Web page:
The ruling Party of National Unity hit back instantly, accusing the Orange Democratic Movement of playing politics with anti-corruption efforts.  But many fear the tenure of Anti-Corruption chief Patrick Lumumba, which has been praised by both local and international observers, could become mired in Kenyan politics.

Government Spokesperson Alfred Mutua is calling for calm on both sides. “The president and the prime minister have been very clear for a long time that the fight against corruption is not targeted at any particular group,” Mutua says, “or any particular political association, or any particular religion.  The fight against corruption is a fight against individuals."

Mutua told reporters the anti-corruption investigations would target anyone suspected of graft, regardless of political affiliation.

Anti-Corruption Chief Lumumba also assured Kenyans that other "big fish" are under investigation for graft.

But there are still concerns that the country’s largest players will evade prosecution.  Recently leaked cables from the US Embassy in Nairobi identified both President Mwai Kibaki and Prime Minister Raila Odinga as part of the problem, with vested interests in the status quo. Both leaders have vehemently denied involvement in theft or corruption.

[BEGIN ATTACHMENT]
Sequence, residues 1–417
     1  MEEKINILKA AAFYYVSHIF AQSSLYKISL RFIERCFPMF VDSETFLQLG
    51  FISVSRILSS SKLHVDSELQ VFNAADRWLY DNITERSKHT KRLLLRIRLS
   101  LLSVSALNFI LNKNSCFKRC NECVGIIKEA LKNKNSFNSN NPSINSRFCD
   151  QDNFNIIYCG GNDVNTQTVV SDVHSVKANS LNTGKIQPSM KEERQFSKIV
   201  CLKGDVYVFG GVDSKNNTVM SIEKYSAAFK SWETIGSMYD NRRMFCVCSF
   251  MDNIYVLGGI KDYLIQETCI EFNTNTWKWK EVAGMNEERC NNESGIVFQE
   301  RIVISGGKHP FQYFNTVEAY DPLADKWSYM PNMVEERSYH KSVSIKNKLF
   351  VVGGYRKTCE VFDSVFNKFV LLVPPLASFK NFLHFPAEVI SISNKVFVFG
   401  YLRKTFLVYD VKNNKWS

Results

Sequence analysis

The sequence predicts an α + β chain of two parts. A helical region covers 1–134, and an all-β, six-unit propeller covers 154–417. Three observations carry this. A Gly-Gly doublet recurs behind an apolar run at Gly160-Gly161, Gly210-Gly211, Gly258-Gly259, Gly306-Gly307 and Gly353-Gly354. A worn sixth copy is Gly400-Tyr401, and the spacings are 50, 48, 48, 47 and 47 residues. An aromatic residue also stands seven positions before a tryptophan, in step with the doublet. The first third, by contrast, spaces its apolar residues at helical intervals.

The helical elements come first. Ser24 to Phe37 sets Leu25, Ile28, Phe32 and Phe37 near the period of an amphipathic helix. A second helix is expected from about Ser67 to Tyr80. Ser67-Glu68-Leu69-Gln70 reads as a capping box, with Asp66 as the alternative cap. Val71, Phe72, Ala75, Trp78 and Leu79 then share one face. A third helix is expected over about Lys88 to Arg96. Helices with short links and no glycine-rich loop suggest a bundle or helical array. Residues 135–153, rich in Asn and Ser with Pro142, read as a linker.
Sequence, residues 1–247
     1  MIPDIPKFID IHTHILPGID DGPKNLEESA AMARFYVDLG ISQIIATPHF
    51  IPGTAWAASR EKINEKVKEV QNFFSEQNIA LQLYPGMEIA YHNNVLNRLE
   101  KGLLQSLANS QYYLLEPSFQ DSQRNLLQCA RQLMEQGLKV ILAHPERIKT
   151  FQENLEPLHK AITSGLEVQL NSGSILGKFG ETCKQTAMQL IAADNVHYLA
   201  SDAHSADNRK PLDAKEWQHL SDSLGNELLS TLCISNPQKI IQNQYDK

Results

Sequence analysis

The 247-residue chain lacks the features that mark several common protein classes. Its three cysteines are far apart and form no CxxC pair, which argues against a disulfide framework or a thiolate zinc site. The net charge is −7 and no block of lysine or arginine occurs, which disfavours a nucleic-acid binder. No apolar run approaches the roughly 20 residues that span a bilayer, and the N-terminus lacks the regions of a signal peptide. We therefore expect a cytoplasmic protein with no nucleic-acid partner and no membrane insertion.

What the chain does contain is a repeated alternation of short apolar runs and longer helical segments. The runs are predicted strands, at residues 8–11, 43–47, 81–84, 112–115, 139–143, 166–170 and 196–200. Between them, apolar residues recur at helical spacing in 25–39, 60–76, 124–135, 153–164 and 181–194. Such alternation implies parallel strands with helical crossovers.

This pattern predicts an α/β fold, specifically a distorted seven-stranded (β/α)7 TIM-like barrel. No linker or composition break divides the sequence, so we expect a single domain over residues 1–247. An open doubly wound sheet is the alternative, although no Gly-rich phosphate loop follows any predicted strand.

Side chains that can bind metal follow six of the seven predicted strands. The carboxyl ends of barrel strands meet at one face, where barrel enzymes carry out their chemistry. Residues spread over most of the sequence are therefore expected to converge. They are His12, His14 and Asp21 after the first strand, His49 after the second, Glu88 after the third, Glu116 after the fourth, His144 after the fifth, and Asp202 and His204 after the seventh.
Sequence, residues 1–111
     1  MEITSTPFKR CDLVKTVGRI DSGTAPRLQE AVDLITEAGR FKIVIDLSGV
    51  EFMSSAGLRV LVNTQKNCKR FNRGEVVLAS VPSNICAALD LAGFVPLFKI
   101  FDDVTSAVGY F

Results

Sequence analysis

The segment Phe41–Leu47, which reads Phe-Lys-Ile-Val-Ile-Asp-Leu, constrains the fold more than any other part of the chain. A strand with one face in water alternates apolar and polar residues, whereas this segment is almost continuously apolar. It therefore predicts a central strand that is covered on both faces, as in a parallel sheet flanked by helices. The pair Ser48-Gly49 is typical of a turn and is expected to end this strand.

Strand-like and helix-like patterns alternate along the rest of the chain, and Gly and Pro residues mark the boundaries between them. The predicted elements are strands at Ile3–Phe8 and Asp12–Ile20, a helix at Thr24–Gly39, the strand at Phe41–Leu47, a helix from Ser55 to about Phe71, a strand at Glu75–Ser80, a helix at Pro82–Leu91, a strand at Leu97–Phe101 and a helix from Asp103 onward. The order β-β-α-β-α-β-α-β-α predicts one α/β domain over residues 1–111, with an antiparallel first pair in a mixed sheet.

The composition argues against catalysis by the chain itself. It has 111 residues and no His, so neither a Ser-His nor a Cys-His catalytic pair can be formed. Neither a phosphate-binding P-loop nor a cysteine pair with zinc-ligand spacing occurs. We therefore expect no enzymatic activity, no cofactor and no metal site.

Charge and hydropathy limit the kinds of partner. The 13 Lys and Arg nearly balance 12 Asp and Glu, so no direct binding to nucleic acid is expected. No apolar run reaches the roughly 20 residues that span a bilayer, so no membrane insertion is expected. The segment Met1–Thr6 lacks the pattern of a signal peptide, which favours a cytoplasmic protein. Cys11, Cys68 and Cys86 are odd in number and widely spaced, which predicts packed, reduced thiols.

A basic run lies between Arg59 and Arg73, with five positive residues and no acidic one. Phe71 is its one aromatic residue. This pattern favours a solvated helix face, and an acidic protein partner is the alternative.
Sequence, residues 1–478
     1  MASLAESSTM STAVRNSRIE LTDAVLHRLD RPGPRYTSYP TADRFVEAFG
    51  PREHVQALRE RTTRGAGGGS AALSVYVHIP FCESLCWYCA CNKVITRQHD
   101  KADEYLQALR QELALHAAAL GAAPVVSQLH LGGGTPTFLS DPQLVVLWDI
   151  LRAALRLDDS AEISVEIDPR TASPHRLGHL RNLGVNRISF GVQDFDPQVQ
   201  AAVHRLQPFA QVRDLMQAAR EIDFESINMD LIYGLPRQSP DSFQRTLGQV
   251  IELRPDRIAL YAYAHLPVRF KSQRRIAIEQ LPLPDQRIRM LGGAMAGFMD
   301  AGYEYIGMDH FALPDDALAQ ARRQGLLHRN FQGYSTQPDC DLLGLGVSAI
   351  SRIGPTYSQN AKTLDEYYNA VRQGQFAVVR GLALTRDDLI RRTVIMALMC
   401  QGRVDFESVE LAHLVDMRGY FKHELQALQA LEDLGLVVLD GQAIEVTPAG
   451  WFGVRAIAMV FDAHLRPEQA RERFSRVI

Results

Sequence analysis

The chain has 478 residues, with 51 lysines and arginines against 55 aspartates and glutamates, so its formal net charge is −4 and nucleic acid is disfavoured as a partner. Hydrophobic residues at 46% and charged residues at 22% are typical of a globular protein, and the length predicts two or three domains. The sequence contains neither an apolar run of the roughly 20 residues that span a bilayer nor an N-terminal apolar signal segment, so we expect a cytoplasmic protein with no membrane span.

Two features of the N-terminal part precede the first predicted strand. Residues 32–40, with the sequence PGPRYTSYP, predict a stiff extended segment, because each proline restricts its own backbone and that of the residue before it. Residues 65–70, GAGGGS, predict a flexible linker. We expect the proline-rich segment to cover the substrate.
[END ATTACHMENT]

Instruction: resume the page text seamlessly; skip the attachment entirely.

Kenya has struggled with corruption during its nearly 50-year history.  In 2010 Kenya was ranked 154 out of 178 countries in Transparency International’s annual corruption perception index.   The Berlin-based organization also ranked Kenya’s police, Judiciary and Nairobi City Council as among the most corrupt institutions in East Africa.

Kenya’s Finance Ministry has estimated about $3.3 billion, more than one quarter of Kenya’s national budget, are lost through corruption annually.

You May Like

Video US, Japan Offer Lessons as Eurozone Launches Huge Stimulus

Euro falls after European Central Bank announces a bigger-than-expected $67 billion-a-month quantitative easing program More

Saudi King’s Death Clears Succession Route

Prince Mohammed Bin Nayef is Saudi Arabia's New Crown Prince-in-waiting More

Cloud Hangs Over US Counterterrorism Efforts in Yemen

Sources say resignations of Yemen's president, government has left US anti-terror operations 'paralyzed,' yet an American military 'footprint' remains More

This forum has been closed.
Comments
     
There are no comments in this forum. Be first and add one

Featured Videos

Your JavaScript is turned off or you have an old version of Adobe's Flash Player. Get the latest Flash player.
Worldwide Photo Workshops Empower Youthi
X
Julie Taboh
January 23, 2015 11:08 PM